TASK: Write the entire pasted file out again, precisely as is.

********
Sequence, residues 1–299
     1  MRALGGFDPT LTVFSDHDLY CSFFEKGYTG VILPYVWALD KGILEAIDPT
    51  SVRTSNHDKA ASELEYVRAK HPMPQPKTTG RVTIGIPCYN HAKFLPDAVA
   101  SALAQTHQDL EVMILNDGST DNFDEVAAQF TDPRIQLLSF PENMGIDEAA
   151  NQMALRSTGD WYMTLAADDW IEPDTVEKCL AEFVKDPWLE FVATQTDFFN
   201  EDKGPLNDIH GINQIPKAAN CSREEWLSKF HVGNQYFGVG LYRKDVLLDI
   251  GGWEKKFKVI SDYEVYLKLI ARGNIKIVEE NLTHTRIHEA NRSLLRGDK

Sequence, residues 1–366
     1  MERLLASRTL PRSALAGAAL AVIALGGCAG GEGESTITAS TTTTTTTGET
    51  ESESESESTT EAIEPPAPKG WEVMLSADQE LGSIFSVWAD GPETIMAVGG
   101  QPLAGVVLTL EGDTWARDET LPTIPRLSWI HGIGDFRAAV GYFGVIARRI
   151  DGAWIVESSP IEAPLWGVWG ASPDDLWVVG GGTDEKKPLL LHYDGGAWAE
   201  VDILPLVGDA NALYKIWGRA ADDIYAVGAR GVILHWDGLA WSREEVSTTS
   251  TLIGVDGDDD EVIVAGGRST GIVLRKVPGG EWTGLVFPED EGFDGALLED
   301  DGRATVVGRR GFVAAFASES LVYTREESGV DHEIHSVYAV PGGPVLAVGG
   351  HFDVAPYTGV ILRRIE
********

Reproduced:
Sequence, residues 1–299
     1  MRALGGFDPT LTVFSDHDLY CSFFEKGYTG VILPYVWALD KGILEAIDPT
    51  SVRTSNHDKA ASELEYVRAK HPMPQPKTTG RVTIGIPCYN HAKFLPDAVA
   101  SALAQTHQDL EVMILNDGST DNFDEVAAQF TDPRIQLLSF PENMGIDEAA
   151  NQMALRSTGD WYMTLAADDW IEPDTVEKCL AEFVKDPWLE FVATQTDFFN
   201  EDKGPLNDIH GINQIPKAAN CSREEWLSKF HVGNQYFGVG LYRKDVLLDI
   251  GGWEKKFKVI SDYEVYLKLI ARGNIKIVEE NLTHTRIHEA NRSLLRGDK

Sequence, residues 1–366
     1  MERLLASRTL PRSALAGAAL AVIALGGCAG GEGESTITAS TTTTTTTGET
    51  ESESESESTT EAIEPPAPKG WEVMLSADQE LGSIFSVWAD GPETIMAVGG
   101  QPLAGVVLTL EGDTWARDET LPTIPRLSWI HGIGDFRAAV GYFGVIARRI
   151  DGAWIVESSP IEAPLWGVWG ASPDDLWVVG GGTDEKKPLL LHYDGGAWAE
   201  VDILPLVGDA NALYKIWGRA ADDIYAVGAR GVILHWDGLA WSREEVSTTS
   251  TLIGVDGDDD EVIVAGGRST GIVLRKVPGG EWTGLVFPED EGFDGALLED
   301  DGRATVVGRR GFVAAFASES LVYTREESGV DHEIHSVYAV PGGPVLAVGG
   351  HFDVAPYTGV ILRRIE